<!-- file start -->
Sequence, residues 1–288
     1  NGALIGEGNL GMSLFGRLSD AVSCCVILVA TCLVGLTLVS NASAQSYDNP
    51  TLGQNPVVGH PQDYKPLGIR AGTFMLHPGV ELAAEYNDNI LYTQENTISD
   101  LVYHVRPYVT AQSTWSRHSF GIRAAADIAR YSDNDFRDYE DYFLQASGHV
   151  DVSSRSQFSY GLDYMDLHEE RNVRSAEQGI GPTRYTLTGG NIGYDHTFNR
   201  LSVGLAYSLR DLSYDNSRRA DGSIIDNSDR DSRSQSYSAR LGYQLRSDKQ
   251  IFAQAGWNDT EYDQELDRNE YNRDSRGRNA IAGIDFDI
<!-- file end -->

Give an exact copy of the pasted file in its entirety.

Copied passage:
Sequence, residues 1–288
     1  NGALIGEGNL GMSLFGRLSD AVSCCVILVA TCLVGLTLVS NASAQSYDNP
    51  TLGQNPVVGH PQDYKPLGIR AGTFMLHPGV ELAAEYNDNI LYTQENTISD
   101  LVYHVRPYVT AQSTWSRHSF GIRAAADIAR YSDNDFRDYE DYFLQASGHV
   151  DVSSRSQFSY GLDYMDLHEE RNVRSAEQGI GPTRYTLTGG NIGYDHTFNR
   201  LSVGLAYSLR DLSYDNSRRA DGSIIDNSDR DSRSQSYSAR LGYQLRSDKQ
   251  IFAQAGWNDT EYDQELDRNE YNRDSRGRNA IAGIDFDI